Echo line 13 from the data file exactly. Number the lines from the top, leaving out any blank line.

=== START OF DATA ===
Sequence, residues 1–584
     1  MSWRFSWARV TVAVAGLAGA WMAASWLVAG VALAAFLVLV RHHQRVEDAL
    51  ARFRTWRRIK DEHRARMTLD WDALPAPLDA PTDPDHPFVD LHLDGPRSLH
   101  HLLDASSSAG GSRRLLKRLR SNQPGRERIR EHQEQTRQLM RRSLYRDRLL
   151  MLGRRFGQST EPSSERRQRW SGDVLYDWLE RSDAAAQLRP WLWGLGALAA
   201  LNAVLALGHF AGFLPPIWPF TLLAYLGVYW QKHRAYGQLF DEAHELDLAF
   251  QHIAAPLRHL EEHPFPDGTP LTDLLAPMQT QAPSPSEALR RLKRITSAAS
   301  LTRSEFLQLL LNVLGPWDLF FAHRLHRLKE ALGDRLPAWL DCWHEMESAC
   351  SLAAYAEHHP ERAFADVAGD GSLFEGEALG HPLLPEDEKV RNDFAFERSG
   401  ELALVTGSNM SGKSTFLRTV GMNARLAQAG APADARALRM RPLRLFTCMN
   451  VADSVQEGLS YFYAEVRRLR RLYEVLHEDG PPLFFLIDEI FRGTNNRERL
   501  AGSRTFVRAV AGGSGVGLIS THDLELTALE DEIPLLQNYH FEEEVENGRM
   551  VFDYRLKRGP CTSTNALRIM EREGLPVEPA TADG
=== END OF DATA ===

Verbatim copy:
   551  VFDYRLKRGP CTSTNALRIM EREGLPVEPA TADG